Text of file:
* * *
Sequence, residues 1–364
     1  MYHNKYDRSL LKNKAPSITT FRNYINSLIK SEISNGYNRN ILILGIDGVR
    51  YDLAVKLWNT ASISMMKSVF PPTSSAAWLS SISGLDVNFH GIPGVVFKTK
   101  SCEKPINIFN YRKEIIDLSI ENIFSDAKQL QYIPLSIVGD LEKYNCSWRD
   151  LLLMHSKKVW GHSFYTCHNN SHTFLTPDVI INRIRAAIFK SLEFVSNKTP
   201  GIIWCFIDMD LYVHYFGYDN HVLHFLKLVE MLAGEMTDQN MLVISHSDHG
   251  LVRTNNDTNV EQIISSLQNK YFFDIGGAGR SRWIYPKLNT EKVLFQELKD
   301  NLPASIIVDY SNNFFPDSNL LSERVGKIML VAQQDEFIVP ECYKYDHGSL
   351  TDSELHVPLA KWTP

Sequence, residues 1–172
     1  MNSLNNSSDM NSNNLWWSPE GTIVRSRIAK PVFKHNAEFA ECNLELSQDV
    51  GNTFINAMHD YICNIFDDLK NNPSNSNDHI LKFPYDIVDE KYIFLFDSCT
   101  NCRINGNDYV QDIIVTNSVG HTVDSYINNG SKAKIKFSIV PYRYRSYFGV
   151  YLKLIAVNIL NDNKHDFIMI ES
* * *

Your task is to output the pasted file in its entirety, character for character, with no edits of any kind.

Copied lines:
Sequence, residues 1–364
     1  MYHNKYDRSL LKNKAPSITT FRNYINSLIK SEISNGYNRN ILILGIDGVR
    51  YDLAVKLWNT ASISMMKSVF PPTSSAAWLS SISGLDVNFH GIPGVVFKTK
   101  SCEKPINIFN YRKEIIDLSI ENIFSDAKQL QYIPLSIVGD LEKYNCSWRD
   151  LLLMHSKKVW GHSFYTCHNN SHTFLTPDVI INRIRAAIFK SLEFVSNKTP
   201  GIIWCFIDMD LYVHYFGYDN HVLHFLKLVE MLAGEMTDQN MLVISHSDHG
   251  LVRTNNDTNV EQIISSLQNK YFFDIGGAGR SRWIYPKLNT EKVLFQELKD
   301  NLPASIIVDY SNNFFPDSNL LSERVGKIML VAQQDEFIVP ECYKYDHGSL
   351  TDSELHVPLA KWTP

Sequence, residues 1–172
     1  MNSLNNSSDM NSNNLWWSPE GTIVRSRIAK PVFKHNAEFA ECNLELSQDV
    51  GNTFINAMHD YICNIFDDLK NNPSNSNDHI LKFPYDIVDE KYIFLFDSCT
   101  NCRINGNDYV QDIIVTNSVG HTVDSYINNG SKAKIKFSIV PYRYRSYFGV
   151  YLKLIAVNIL NDNKHDFIMI ES